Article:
And We Have Named Him Samwise Gamgee

So in addition to the loss of one of our cats, we also made the difficult decision to put one of our other cats who had a problem with inappropriate urination out back.

We’ve done this before; ten years ago, we had a pair of tabbies whose occasional IU became more consistent, including peeing things on my desk, that we put out in the back yard. We provided them food and water and bought fairly expensive small dog houses to ignore whilst they sought shelter under the deck.

The food drew some of the other neighborhood cats and other fauna along, and so it was with Athena. A black male cat has been showing up, even before Athena was out there and food was available, but he comes around in the evenings for a little nibble. He makes a strange sound, and he will not get close to us, but he is comfortable enough to flop on the patio or the lawn nearby. And Athena, who did not get along with the other cats in the house–she would spit and hiss at them and then lose any escalated encounter that occurred. But she’s cool with Peirce, as we have nicknamed the cat (not a typo: He is named for Charles Sanders Peirce). She’ll not yowl at him and will sometimes trot off to see where he’s going when he leaves the yard–but Athena does not venture far, which is probably for the best.

It’s kind of nice having a backyard cat, Athena. I’ve taken to bringing a book out in the evenings to read, and Athena will jump onto my lap. Sometimes, she’ll jump down and lounge on the patio pavement or on the table between the chairs, and I’ll actually get to read that book.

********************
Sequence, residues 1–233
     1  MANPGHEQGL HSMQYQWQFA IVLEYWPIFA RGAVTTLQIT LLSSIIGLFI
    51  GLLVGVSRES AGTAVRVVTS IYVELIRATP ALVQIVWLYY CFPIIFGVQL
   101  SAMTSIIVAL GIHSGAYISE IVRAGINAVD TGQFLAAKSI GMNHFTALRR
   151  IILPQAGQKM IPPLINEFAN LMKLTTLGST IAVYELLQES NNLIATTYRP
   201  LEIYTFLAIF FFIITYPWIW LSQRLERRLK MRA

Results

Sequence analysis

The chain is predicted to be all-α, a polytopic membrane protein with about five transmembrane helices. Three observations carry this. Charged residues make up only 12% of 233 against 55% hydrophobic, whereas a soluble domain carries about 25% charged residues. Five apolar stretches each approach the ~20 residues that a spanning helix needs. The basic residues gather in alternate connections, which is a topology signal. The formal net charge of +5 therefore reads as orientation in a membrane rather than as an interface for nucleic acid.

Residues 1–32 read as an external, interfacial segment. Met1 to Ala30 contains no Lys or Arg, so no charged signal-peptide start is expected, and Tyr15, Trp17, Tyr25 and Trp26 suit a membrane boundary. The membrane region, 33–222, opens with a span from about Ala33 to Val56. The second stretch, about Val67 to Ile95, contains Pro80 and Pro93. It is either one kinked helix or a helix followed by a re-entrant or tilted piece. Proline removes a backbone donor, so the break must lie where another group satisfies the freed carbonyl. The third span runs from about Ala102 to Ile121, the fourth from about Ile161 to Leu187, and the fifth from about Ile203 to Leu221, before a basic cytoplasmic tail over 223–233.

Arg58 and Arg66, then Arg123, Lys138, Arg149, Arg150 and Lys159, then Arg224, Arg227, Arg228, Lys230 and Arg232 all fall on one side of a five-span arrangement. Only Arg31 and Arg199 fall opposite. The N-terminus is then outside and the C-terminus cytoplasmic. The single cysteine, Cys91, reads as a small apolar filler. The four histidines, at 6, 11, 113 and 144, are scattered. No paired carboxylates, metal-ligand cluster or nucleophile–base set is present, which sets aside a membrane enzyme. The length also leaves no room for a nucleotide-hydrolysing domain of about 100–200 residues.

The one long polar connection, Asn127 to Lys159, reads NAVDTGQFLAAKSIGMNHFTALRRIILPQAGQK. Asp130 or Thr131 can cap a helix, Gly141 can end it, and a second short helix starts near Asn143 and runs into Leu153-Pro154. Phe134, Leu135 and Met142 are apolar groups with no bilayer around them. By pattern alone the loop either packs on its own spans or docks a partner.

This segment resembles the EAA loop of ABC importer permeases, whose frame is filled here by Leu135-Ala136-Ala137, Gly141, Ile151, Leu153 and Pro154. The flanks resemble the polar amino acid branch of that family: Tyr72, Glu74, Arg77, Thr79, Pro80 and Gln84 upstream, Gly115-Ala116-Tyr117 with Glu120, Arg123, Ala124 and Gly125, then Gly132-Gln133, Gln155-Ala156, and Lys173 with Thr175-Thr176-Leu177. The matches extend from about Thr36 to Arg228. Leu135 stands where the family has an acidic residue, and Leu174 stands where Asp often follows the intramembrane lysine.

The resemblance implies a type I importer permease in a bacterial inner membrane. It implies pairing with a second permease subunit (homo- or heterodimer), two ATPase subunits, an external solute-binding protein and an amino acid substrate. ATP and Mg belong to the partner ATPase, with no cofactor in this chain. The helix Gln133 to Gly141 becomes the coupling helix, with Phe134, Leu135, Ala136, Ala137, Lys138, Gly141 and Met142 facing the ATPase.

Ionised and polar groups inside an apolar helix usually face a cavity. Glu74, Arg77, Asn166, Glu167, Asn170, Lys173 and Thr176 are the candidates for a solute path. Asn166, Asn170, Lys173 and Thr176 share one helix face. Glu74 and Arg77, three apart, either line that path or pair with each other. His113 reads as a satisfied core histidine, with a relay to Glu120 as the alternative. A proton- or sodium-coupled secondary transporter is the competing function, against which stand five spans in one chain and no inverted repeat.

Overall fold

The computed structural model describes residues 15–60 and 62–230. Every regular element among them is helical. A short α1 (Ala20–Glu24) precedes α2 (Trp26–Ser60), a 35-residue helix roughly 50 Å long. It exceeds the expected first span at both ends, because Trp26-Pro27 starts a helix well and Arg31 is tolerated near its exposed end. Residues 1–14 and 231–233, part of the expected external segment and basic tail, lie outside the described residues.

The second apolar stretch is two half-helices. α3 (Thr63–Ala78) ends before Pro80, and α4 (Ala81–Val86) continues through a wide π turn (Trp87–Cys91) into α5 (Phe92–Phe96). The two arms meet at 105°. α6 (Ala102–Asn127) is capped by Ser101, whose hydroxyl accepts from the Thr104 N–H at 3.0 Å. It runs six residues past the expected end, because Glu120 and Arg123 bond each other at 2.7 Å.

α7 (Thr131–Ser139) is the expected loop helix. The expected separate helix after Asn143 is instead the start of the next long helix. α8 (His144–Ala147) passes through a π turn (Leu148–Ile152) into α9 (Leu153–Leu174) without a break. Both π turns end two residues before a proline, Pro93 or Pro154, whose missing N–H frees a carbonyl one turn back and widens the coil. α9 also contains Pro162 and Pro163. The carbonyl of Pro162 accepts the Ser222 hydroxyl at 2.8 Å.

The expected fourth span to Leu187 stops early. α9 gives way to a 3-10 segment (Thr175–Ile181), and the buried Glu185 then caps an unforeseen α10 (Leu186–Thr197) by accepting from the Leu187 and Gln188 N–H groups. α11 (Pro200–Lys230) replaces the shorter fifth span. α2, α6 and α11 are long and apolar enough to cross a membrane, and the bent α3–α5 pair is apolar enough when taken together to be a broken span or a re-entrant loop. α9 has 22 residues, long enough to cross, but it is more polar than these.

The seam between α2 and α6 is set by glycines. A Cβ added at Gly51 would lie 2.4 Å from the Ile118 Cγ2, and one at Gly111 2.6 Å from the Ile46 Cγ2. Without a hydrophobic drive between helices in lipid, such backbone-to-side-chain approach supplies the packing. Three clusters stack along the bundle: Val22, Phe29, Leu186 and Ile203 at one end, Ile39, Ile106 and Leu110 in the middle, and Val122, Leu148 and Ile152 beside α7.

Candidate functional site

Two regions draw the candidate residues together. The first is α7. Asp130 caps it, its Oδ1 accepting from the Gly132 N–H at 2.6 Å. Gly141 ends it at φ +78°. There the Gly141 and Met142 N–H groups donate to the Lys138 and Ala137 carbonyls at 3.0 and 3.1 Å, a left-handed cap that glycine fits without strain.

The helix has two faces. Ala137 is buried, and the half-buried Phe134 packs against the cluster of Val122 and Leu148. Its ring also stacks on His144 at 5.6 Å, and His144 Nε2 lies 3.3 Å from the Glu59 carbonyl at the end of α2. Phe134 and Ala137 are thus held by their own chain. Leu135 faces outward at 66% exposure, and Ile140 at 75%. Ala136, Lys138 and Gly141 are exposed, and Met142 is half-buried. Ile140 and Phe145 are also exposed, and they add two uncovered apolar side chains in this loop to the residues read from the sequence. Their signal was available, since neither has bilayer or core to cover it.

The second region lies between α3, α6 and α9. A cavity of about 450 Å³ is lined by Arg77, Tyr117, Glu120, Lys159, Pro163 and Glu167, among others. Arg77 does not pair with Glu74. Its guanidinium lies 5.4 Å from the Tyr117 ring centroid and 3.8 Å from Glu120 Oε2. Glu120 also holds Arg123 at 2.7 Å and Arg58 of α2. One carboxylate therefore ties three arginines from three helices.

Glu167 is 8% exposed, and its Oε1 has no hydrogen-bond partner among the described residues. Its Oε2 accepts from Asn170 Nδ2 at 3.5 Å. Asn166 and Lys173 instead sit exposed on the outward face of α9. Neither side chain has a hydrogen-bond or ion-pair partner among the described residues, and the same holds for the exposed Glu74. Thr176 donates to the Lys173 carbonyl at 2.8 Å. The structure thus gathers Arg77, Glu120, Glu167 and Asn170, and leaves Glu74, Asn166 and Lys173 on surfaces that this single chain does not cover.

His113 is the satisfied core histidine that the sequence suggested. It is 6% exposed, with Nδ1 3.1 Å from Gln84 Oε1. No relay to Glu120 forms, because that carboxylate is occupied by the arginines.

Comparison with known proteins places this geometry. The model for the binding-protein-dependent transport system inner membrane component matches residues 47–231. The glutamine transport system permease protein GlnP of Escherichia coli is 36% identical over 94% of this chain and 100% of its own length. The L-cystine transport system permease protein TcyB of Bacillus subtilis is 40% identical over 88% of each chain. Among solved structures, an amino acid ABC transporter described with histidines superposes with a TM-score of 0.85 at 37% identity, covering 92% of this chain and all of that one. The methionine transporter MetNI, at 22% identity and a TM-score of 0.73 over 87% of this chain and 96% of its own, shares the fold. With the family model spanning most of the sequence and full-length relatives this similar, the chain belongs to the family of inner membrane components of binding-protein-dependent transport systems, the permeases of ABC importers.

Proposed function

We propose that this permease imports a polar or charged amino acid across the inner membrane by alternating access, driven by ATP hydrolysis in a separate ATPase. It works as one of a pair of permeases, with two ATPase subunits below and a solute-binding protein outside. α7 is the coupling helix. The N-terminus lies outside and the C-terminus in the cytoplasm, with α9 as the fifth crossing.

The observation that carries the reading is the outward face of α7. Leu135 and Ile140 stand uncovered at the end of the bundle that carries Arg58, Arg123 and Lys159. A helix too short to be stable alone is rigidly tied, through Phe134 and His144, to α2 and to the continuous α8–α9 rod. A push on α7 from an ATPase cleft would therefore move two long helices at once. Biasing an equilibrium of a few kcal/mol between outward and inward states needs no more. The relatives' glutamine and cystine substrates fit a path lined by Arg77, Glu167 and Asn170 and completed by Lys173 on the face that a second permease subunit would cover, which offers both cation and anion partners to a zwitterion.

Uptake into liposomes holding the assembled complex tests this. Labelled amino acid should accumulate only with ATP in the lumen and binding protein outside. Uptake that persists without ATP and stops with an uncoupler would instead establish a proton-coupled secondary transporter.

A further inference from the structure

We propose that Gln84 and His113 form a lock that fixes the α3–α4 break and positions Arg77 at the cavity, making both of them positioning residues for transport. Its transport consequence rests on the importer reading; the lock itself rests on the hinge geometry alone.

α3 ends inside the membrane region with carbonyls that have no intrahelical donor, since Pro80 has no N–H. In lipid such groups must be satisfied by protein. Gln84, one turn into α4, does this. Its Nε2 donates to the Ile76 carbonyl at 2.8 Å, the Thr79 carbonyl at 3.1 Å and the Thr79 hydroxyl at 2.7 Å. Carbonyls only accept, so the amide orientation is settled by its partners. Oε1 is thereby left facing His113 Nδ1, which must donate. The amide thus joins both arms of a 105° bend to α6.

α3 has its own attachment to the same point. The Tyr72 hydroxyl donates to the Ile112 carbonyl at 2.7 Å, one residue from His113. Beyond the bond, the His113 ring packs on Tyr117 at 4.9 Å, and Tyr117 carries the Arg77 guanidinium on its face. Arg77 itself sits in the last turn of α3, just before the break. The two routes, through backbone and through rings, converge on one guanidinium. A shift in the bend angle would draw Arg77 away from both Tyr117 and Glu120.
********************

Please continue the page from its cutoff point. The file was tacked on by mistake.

Like last night. She hopped down and settled against the wall of the house behind my chair, and I read a bit.

But then Athena spit a hiss and moved from under the chair, and I turned to see if it was Peirce, and it was a different cat….

No, wait, it was not a cat. It was a raccoon that had basically sneaked toward the food dish by creeping under the chair I was sitting on.

He went to the food dish with one eye on me and consumed the remainder of the food in the dish.

So I have named him Samwise Gamgee, although I am not sure I will be able to recognize him again.

But I’ve been closer to him than I have to Peirce.

We try to keep the amount of food in the bowl to a minimum to prevent too many wild creatures in the back yard. When we had the boys out there, we kept the bowl for them full, so every night we had possums, raccoons, other cats, and skunks stopping by–sometimes more than one of each at a time.

Given that we sit out on that patio more these days now that we have a patio set, I don’t think I want to encourage it.

But I think I’ll take my phone out to get a picture from now on.

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